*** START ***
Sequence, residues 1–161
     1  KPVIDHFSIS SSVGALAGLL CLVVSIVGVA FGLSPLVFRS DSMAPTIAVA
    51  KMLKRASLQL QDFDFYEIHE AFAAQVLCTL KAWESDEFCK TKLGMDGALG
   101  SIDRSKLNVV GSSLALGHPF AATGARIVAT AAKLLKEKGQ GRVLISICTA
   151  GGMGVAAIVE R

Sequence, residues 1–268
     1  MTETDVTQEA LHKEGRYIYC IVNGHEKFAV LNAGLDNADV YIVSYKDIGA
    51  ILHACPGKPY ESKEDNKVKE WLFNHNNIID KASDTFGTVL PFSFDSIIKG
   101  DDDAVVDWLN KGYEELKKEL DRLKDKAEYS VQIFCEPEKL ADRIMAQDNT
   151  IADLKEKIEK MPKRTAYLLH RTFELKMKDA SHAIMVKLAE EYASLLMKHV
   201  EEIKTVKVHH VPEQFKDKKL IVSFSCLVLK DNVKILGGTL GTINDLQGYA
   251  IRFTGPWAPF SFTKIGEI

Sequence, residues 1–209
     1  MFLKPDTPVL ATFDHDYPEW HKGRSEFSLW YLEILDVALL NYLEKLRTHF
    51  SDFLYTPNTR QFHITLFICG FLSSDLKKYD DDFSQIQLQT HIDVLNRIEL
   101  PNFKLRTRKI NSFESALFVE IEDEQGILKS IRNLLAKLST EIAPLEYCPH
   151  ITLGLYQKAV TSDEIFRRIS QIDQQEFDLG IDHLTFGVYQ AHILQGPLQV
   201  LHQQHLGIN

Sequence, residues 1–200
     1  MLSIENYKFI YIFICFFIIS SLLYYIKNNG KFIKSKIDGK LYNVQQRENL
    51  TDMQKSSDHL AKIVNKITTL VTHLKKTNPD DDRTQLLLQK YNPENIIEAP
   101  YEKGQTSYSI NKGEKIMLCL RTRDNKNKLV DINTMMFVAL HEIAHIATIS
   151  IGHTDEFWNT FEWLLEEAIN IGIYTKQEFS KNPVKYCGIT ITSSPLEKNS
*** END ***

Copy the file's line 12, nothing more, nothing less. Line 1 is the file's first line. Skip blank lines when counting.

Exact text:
   251  IRFTGPWAPF SFTKIGEI